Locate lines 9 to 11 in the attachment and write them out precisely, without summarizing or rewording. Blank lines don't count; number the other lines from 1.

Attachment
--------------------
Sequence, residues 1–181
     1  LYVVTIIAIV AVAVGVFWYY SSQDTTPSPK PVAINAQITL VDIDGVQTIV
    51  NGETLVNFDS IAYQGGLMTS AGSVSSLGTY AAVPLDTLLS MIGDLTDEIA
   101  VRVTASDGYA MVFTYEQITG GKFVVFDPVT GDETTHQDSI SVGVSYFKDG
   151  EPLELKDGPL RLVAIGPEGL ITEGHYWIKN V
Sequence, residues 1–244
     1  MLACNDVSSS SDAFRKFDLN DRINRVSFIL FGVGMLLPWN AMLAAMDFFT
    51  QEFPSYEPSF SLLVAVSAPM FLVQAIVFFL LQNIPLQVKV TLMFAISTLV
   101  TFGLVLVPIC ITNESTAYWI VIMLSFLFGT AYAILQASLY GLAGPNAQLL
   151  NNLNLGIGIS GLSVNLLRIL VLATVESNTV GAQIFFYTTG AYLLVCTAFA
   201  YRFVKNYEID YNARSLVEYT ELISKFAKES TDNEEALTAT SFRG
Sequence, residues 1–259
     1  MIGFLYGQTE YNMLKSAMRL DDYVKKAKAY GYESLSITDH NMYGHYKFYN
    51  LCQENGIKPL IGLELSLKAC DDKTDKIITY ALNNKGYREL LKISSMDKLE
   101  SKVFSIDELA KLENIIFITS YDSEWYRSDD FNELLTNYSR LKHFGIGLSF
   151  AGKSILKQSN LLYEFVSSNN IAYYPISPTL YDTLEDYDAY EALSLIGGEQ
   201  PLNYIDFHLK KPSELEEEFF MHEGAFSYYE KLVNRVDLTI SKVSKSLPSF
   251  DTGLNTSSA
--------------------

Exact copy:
   101  TFGLVLVPIC ITNESTAYWI VIMLSFLFGT AYAILQASLY GLAGPNAQLL
   151  NNLNLGIGIS GLSVNLLRIL VLATVESNTV GAQIFFYTTG AYLLVCTAFA
   201  YRFVKNYEID YNARSLVEYT ELISKFAKES TDNEEALTAT SFRG